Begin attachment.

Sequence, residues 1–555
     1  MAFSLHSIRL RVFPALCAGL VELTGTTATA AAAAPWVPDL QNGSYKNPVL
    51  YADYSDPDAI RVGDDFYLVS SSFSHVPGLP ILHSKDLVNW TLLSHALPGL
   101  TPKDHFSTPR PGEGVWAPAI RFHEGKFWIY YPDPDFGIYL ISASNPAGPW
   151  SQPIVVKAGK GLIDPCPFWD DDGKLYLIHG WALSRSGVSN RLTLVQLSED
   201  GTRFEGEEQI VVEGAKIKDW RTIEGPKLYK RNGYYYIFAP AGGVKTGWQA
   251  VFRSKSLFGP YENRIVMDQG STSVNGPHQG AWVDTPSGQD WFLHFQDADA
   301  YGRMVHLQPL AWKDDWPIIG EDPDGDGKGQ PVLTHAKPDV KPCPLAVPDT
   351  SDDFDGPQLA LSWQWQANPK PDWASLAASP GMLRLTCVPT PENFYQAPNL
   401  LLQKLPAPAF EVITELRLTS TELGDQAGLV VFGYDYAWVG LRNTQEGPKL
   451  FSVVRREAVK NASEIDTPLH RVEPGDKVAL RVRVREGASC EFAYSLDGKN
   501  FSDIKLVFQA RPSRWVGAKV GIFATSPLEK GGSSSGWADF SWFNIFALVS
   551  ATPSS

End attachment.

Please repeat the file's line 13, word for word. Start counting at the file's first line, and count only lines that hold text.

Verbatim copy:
   551  ATPSS